WHAT’S BEING CLAIMED:
- After her first spin class, Kaelyn Franco’s legs became swollen and she could barely walk.
- She’d developed potentially deadly conditions and needed IVs and leg surgery to survive.
- Rhabdo may be on the rise in the pandemic with people jumping back into fitness too intensely.
A 23-year-old woman nearly needed her leg amputated after she developed a life-threatening condition during a spin class.
Kaelyn Franco is a fitness buff. She played soccer and softball in high school and continued her love for sports in college. On September 15, she took her first spin class after a friend recommended it.
“I was definitely pushing myself for sure, but I don’t think I was overworking myself to the point where I was like, okay I really overdid it,” Franco told Today.com.
After the 45-minute workout, her knees just gave out, and fell on the floor.
“I thought that was strange at first, but then I was like maybe it’s just my muscles are tired, weak and just a little bit sore.”
Franco’s legs were swelling and sore the following day. She initially thought she was just gaining muscle from the intense workout. But when she started having trouble walking or bending her legs, she knew something was off. Her fear intensified when her urine turned dark brown.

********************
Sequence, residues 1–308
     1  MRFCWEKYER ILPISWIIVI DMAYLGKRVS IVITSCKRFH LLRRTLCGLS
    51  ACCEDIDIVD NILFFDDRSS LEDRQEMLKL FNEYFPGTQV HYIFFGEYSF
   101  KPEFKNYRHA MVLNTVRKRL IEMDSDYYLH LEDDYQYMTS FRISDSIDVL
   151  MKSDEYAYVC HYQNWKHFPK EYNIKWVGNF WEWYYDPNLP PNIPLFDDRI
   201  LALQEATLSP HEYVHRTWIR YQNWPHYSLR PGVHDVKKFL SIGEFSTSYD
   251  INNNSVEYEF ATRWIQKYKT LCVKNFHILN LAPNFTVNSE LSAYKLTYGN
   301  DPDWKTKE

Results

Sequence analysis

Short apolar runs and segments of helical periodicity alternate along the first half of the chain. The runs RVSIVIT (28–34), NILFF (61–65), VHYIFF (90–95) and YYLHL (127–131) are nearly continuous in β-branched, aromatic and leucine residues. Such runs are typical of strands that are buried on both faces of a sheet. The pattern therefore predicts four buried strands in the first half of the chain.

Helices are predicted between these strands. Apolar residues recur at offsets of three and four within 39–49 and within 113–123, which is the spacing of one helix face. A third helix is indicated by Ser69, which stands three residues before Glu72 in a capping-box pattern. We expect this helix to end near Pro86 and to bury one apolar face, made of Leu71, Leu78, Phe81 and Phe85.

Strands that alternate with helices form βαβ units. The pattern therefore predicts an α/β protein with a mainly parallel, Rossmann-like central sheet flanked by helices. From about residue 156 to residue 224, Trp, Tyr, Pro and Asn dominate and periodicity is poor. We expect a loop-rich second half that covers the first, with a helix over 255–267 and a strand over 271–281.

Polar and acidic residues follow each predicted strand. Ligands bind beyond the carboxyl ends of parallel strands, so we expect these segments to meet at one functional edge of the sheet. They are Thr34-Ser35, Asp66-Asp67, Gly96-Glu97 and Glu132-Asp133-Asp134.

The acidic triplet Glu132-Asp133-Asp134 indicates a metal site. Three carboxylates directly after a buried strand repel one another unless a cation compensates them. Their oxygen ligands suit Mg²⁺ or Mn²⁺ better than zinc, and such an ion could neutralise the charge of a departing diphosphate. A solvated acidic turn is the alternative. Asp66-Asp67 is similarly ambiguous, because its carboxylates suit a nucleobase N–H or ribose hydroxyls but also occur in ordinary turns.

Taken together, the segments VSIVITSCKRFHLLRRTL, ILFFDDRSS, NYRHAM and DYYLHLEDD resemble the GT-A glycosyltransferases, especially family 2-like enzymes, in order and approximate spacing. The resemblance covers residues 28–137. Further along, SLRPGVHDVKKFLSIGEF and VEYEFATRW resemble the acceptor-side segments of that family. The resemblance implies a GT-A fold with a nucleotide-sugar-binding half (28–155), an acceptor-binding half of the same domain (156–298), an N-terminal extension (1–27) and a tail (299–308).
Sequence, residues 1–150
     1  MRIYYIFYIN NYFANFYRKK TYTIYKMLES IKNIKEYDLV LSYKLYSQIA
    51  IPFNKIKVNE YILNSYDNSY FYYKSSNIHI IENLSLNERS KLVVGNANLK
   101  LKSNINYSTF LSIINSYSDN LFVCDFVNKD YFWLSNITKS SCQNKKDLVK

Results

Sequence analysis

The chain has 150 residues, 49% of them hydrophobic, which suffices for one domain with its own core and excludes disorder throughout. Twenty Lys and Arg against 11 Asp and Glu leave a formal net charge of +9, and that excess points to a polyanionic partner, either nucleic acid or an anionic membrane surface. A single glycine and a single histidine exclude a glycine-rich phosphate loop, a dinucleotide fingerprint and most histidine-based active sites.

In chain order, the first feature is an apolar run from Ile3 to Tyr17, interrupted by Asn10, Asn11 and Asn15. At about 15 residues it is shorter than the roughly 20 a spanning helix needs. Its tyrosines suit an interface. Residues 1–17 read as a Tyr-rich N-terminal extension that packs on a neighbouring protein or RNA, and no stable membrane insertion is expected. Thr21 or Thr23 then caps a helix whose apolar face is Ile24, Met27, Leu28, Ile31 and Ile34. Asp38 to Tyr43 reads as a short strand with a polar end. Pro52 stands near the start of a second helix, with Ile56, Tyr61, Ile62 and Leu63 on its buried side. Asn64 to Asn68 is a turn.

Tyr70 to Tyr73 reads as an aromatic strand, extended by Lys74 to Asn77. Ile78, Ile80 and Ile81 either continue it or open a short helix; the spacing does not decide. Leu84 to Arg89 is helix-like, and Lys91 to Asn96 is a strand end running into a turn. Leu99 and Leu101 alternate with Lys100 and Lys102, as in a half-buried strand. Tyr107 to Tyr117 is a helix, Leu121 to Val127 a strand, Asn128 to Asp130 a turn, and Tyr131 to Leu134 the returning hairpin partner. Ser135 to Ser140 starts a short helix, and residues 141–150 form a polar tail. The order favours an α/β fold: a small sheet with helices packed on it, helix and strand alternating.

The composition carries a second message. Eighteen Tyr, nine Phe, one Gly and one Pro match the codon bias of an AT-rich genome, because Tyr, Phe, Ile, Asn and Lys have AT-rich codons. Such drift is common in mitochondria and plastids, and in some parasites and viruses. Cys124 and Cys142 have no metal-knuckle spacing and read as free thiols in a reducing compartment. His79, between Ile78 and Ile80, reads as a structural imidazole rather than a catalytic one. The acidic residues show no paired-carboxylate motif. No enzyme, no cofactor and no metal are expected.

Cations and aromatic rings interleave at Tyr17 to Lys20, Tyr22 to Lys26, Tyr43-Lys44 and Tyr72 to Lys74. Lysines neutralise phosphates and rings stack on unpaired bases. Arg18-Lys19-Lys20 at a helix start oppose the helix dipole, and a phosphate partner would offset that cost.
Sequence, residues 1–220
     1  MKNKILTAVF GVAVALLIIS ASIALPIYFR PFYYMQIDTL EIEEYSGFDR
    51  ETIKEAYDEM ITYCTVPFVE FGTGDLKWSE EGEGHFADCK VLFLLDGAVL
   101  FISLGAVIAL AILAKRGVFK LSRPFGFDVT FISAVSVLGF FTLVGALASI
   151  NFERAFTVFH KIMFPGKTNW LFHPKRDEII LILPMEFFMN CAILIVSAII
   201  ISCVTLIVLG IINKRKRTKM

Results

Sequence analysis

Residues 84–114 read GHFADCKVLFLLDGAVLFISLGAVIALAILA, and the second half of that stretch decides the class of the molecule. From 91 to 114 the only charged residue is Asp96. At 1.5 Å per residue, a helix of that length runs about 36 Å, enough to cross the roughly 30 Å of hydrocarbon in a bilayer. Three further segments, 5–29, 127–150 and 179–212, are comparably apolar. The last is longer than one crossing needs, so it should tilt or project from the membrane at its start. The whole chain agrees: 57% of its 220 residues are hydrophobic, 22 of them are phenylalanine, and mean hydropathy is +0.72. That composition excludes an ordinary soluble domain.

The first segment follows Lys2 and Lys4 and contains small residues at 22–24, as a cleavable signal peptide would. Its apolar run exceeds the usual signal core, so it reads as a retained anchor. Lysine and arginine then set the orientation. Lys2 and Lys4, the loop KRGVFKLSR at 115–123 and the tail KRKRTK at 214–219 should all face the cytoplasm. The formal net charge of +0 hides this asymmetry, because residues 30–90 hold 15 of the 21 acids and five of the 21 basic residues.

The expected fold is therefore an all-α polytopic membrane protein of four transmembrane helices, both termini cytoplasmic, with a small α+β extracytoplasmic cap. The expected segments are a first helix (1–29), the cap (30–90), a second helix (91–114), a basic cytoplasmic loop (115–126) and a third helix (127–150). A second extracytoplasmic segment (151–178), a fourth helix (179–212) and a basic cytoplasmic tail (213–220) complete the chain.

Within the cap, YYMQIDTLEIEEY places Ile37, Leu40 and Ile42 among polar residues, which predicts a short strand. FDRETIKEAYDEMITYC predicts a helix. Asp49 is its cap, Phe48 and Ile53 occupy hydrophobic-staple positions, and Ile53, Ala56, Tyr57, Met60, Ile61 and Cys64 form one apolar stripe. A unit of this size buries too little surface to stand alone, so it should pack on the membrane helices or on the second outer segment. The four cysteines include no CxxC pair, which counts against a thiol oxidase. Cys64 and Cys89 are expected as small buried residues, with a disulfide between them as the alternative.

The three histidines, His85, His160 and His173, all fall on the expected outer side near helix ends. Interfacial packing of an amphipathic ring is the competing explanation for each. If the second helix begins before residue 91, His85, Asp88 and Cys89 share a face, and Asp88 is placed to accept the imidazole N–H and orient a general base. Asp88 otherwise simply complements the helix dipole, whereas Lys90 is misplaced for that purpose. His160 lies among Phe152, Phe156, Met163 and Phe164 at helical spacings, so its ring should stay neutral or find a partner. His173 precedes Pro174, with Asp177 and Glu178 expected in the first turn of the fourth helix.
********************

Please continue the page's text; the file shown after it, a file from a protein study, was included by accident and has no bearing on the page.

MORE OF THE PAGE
Franco went to the hospital “crying in pain”, she wrote on Instagram. The amount of creatine kinase in her blood was shockingly high — 259,000. The normal range is around 33-211 units per liter. She’d developed severe rhabdomyolysis, a life-threatening condition when muscle tissue breaks down rapidly and releases a protein called myoglobin into the bloodstream. When the kidneys can’t filter it fast enough, it turns a person’s urine Coke-colored and can lead to organ failure and death.
“Doctors said they hadn’t seen such levels before,” she said. “I couldn’t walk or move and had to be put on a catheter.”
Doctors rushed to get her into surgery to save her from amputation. A doctor told Franco that without the surgery, “you could have lost your leg…you could have also lost your life,” she told Today.com.
Franco still cannot walk without crutches or drive a car, But is on her way to recovery, according to the GoFundMe campaign she launched for her medical bills.
“Although my leg will never be the same and I’ll have lifelong complications from this, I am lucky and I am so grateful,” she said. “I am alive and my leg was saved.”
Franco is warning others to be careful about how far they push themselves during workouts.